SETT
SETT

Grails Angular Scaffolding

by James Kleeh, Software Engineer

August 2016

Creating a single page application has never been easier with the new Grails Angular Scaffolding Plugin! This article provides a short tutorial on how to use the plugin.

The easiest way to get started with scaffolding is to use the angular profile in Grails 3.2.0 or higher, which installs and configures the plugin automatically. See the documentation for information on how to get the plugin installed into an existing application.

For this tutorial, we will be working with the following domain classes.

  1. package com.myblog
  2.  
  3. import grails.rest.Resource
  4.  
  5. @Resource(uri="/post")
  6. class Post {
  7. URL url
  8. PostContent postContent
  9. static embedded = ['postContent']
  10. static hasMany = [comments: Comment , tags: Tag]
  11. static constraints = {
  12. }
  13. }
  14. //---------------------------------
  15. package com.myblog
  16.  
  17. class PostContent {
  18. String title
  19. String body
  20. Date published
  21. static constraints = {
  22. }
  23. }
  24. //---------------------------------
  25. package com.myblog
  26.  
  27. import grails.rest.Resource
  28.  
  29. @Resource(uri="/tag")
  30. class Tag {
  31. String name
  32. static constraints = {
  33. }
  34. }
  35. //---------------------------------
  36. package com.myblog
  37.  
  38. import grails.rest.Resource
  39.  
  40. @Resource(uri="/comment")
  41. class Comment {
  42. String text
  43. static belongsTo = [post: Post]
  44. static constraints = {
  45. }
  46. }

Generating Assets

Generating client side assets with this plugin is very easy. In this example, the domain class you would like to have assets generated for is com.myblog.Post:

grails ngGenerateAll com.myblog.Post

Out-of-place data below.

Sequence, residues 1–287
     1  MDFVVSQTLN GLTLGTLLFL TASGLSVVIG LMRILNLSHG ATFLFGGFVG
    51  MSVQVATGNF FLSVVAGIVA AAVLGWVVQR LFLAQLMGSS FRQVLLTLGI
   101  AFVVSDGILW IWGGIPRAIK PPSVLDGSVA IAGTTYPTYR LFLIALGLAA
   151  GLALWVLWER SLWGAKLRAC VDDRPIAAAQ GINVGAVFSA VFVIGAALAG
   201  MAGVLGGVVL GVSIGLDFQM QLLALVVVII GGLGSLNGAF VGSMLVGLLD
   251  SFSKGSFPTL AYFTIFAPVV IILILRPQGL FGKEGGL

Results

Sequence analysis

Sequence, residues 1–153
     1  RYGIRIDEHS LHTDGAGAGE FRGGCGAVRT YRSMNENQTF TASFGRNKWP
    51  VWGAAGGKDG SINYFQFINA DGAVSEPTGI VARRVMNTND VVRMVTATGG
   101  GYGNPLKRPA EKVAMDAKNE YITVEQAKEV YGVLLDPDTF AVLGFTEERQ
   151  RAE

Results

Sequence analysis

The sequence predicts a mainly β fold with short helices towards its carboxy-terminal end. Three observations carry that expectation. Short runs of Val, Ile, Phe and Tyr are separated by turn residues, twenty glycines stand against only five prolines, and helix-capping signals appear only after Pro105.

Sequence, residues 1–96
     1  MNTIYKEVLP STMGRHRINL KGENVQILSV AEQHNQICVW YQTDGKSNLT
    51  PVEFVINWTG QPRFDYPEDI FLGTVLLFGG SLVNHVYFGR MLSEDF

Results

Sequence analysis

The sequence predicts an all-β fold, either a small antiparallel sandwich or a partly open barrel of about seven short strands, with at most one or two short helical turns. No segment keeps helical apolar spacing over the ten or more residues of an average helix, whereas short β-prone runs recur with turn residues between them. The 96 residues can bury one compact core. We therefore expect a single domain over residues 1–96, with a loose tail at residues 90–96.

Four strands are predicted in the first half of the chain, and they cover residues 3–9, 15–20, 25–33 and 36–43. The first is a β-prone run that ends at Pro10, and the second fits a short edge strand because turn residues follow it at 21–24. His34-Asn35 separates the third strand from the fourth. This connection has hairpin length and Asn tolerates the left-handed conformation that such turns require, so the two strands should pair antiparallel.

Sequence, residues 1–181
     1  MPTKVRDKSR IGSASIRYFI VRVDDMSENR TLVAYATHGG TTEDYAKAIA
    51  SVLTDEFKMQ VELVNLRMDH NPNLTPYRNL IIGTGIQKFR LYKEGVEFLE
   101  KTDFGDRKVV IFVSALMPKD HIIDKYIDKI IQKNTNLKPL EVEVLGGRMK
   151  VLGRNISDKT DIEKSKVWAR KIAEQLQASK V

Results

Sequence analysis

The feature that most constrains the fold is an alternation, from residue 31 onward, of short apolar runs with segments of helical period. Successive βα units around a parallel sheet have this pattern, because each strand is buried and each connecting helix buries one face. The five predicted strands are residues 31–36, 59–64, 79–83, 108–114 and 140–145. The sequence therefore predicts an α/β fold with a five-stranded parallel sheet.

To specify you wish any generated files to overwrite existing files:

grails ngGenerateAll com.myblog.Post true 

You can also execute the same command with gradle:

./gradlew ngGenerateAll -Pargs="com.myblog.Post true" 

Some assets that are generated are common to all scaffolded modules. The scaffolding will generate those assets in the “core” module. The core module will be created in the same package as the module being generated, if it doesn’t already exist. If a core module already exists, it will not be overwritten, even if the overwrite parameter is true.

The following structure will be produced:

 

Note that other modules were created along with the post module. A module for the Comment domain was created because the scaffolding will convert the list of comments to be instances of the Comment JavaScript domain. The module for the Tag domain was also created by the scaffolding. The purpose of doing so is to facilitate retrieving a list of tags to choose from when creating a Post. The modules for the Tag and Comment domains do not provide CRUD functionality. They exist solely to assist the Post module.

In the future, if you wish to scaffold the CRUD of Tags or Comments, execute the ngGenerateAll command with the second parameter set to “true” so the existing assets will be overwritten.

Using the Assets

If you are using the angular profile in Grails 3.2.0 or higher, none of the steps below are required because they are all done for you! If you are working with an existing application, there are a few steps you must take to make everything work together as designed.

  1. Ensure that the required third-party libraries exist where the scaffolding expects them to be.

    The scaffolding requires angular, angular-resource, and ui-router to function as designed. The default locations for those assets are: